New technology improves experience for women with diabetes in pregnancy

Women who develop gestational diabetes are benefiting from new technology which makes it easier for clinicians at the Norfolk and Norwich University Hospital (NNUH) to monitor their blood sugar levels.

Clinicians recommend that people who develop diabetes during pregnancy test their blood sugar readings four times a day by pricking their finger and using a meter. Previously people would write these in a diary and bring these to appointments or email them to the maternal diabetes team.

Service users recently were able to log their recordings in the Agamatrix Diabetes Manager app, though they still needed to bring this to appointments or email the information. Now a chip in the meter sends the reading directly to the app and the hospital systems via cloud-based software, Ally. This information can then be instantly viewed by clinicians.

Consultant Obstetrician Gemma Partridge said: “Using the cloud-based software means we can have virtual appointments which often suit our service users more.  This new software allows us to log in and see any trends so that we can review blood sugars and make tailored treatment recommendations if necessary. Even if people do see us face to face, it means they don’t need to remember to print or email their readings, so it just makes their lives easier.”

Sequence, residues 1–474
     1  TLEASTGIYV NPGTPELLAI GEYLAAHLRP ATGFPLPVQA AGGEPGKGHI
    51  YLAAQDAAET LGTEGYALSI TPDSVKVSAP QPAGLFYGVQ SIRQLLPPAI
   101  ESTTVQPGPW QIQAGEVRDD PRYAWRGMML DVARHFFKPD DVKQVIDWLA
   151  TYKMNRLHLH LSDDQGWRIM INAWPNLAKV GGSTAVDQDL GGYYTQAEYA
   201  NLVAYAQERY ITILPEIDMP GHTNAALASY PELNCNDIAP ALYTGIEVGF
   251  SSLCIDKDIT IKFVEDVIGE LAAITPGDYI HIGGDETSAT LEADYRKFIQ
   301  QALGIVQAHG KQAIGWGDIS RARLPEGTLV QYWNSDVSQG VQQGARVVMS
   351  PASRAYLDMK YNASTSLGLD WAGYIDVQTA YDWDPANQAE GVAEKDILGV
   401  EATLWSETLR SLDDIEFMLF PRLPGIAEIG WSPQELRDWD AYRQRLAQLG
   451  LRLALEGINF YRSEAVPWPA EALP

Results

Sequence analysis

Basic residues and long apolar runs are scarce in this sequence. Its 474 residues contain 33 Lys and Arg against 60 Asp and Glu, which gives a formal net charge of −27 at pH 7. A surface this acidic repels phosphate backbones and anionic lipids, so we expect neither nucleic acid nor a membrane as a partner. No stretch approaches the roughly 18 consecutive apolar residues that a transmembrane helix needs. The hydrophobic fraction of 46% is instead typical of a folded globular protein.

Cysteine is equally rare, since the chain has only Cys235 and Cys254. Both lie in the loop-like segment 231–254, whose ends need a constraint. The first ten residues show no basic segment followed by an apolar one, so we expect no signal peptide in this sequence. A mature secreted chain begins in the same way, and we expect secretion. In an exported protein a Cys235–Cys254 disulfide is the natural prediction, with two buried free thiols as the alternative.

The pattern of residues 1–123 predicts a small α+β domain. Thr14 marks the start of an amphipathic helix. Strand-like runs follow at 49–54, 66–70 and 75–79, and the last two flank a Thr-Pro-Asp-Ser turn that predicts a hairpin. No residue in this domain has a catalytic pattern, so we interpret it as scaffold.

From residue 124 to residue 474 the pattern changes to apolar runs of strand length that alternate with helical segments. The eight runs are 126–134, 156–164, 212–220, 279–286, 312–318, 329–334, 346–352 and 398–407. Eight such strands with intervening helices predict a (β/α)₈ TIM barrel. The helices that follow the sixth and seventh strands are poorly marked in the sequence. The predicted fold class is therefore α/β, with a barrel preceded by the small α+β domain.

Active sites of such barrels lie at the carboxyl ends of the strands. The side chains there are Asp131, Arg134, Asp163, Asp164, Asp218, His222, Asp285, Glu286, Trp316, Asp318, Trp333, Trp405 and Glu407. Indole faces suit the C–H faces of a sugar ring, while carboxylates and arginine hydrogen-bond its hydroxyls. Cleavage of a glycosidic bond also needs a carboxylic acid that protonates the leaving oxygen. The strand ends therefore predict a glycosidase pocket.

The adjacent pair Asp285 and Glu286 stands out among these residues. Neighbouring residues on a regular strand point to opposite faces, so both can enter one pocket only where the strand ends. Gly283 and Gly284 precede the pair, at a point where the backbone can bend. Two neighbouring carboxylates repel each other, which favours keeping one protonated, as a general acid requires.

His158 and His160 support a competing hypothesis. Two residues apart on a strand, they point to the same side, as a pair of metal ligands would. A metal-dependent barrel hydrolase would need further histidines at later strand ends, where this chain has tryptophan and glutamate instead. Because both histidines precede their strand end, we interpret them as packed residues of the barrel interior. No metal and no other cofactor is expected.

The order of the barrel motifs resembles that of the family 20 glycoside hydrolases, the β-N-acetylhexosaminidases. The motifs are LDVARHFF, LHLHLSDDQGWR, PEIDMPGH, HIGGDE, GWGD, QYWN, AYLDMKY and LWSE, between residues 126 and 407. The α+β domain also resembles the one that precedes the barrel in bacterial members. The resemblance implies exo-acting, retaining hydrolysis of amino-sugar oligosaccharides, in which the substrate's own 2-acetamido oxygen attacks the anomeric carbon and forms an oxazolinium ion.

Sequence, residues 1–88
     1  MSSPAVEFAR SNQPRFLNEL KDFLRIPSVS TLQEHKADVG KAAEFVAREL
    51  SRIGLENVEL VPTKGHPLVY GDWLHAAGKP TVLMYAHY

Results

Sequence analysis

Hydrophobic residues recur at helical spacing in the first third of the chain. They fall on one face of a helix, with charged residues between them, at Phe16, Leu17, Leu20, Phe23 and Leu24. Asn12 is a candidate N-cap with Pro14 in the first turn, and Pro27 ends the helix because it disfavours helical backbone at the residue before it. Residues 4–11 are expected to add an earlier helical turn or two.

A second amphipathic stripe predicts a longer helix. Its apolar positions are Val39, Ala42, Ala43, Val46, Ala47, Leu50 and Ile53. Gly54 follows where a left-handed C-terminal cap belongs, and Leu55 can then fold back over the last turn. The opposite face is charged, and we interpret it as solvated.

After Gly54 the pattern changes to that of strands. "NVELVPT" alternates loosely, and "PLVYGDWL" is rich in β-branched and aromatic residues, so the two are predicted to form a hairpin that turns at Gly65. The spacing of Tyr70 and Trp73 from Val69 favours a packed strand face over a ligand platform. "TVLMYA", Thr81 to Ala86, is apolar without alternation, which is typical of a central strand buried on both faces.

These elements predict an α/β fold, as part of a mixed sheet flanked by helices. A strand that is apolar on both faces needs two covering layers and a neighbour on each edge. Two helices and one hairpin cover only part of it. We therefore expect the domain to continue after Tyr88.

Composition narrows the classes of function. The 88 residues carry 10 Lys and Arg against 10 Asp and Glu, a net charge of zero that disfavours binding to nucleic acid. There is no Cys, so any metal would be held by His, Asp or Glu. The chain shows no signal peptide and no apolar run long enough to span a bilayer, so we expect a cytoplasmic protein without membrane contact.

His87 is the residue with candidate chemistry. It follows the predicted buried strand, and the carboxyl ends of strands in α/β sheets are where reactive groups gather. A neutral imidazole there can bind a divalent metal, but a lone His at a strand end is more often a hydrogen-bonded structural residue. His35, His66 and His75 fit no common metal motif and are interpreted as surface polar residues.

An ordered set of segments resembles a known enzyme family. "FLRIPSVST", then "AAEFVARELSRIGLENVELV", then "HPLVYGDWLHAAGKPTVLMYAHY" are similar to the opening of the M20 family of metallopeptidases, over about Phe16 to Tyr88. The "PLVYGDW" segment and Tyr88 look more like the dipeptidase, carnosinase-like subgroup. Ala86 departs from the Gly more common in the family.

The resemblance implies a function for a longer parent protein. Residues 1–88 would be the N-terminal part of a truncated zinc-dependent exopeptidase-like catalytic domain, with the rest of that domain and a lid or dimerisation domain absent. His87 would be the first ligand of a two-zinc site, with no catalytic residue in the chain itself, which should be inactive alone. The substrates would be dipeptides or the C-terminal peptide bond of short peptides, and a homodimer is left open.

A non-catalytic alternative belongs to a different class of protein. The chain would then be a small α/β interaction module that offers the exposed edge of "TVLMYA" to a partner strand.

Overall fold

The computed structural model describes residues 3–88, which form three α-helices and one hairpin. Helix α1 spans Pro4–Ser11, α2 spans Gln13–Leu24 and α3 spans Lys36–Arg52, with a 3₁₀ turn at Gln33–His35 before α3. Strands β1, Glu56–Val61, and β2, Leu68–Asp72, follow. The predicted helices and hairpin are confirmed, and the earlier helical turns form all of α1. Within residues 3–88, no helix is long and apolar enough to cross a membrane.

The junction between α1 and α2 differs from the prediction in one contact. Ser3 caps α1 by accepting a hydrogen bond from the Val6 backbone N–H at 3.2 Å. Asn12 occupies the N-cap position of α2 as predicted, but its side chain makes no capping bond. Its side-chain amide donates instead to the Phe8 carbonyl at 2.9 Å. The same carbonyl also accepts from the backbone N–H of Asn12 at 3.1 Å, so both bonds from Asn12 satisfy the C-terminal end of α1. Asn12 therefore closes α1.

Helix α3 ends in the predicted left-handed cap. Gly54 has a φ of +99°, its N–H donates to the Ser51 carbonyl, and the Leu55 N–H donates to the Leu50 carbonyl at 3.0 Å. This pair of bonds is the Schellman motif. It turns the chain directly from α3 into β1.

She added: “We have a brilliant team of diabetes specialist midwives who provide a lot of care between routine appointments and the software enables them to be much more responsive because they don’t need to wait for readings to be sent to them, and it reduces the administrative burden on them.”

NNUH’s maternal diabetes team is the first to use this software in pregnancy. It is used primarily by people with gestational diabetes and by some people who have type 2 diabetes and are pregnant.

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